Hear, hear is an expression used as a short, repeated form of hear, hear him. It represents a listener's agreement with the point being made by a speaker. In recent usage it has often been misconstrued to be the homophonic phrase here, here, although this is incorrect.
It was originally an imperative for directing attention to speakers, and has since been used, according to the Oxford English Dictionary, as "the regular form of cheering in the House of Commons", with many purposes, depending on the intonation of its user. Its use in Parliament is linked to the fact that applause is normally (though not always) forbidden in the chambers of the House of Commons and House of Lords.
The phrase hear him, hear him! was used in Parliament from late in the 17th century, and was reduced to hear! or hear, hear! by the late 18th century. The verb hear had earlier been used in the King James Bible as a command for others to listen.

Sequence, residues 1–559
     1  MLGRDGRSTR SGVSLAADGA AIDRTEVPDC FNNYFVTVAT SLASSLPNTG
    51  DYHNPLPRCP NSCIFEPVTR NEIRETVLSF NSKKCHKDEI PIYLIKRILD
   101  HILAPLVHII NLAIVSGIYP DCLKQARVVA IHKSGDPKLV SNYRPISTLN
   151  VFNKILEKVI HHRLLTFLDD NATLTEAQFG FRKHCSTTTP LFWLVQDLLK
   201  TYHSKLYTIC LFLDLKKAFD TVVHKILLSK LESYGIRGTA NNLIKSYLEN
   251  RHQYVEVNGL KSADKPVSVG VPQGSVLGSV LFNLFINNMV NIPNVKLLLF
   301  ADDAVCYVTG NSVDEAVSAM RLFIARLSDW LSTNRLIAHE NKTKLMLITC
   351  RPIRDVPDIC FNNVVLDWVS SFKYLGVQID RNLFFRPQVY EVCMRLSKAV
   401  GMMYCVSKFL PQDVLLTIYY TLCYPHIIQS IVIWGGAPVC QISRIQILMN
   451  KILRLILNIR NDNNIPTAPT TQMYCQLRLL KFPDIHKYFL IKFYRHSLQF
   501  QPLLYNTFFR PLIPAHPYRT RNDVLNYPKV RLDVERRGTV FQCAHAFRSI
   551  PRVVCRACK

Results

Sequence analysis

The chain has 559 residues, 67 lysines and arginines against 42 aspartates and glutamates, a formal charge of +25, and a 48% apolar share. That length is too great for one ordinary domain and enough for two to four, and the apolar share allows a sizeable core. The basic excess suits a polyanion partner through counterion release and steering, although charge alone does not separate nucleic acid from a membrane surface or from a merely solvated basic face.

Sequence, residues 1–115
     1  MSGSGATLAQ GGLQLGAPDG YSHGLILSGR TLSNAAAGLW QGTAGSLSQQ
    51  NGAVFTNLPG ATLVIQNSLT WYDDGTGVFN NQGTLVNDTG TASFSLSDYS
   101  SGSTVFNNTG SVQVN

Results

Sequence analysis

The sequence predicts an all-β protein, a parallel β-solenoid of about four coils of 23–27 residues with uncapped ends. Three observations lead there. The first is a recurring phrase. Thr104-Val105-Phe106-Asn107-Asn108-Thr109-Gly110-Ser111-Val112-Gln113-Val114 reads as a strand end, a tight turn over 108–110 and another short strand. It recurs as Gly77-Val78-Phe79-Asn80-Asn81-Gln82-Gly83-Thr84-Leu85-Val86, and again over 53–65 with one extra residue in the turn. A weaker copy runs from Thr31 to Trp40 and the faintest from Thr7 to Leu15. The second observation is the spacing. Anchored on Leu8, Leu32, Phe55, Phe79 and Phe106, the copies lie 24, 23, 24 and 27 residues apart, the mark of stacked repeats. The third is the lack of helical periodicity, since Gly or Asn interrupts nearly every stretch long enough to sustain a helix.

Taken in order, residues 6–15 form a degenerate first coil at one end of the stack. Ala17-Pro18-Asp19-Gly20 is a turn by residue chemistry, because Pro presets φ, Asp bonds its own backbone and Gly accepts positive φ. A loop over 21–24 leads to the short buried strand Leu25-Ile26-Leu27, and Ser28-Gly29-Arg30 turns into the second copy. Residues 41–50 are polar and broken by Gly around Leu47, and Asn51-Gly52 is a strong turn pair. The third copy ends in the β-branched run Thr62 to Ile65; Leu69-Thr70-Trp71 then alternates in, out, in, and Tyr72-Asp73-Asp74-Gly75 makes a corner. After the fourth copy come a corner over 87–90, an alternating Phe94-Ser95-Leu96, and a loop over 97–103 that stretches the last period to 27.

Other phrases have been derived from hear, hear, such as a hear, hear (a cheer), to hear-hear (to shout the expression), and hear-hearer (a person who does the same).
The overuse of the phrase by an eager member of the House of Commons led Richard Brinsley Sheridan, in one speech, to deviate from his planned text and say "Where, oh where, shall we find a more foolish knave or a more knavish fool than this?". The lone Member of Parliament said "hear, hear."
- O'Connell, Pamela LiCalzi (15 January 2004). "Online Diary: Vive la Différence". The New York Times. p. 2. Retrieved 22 January 2011. "The situation is dire for some phrases. On the Web, "here here" outpolls the correct "hear hear" [according to the website SpellWeb] 153,000 to 42,000."
- "The Mavens' Word of the Day: hear, hear". Words@Random. Random House. 4 March 1998. Retrieved 22 January 2011.
- "Unique applause at Blair's last PMQs". Channel 4 News. 27 June 2007. Retrieved 22 January 2011.
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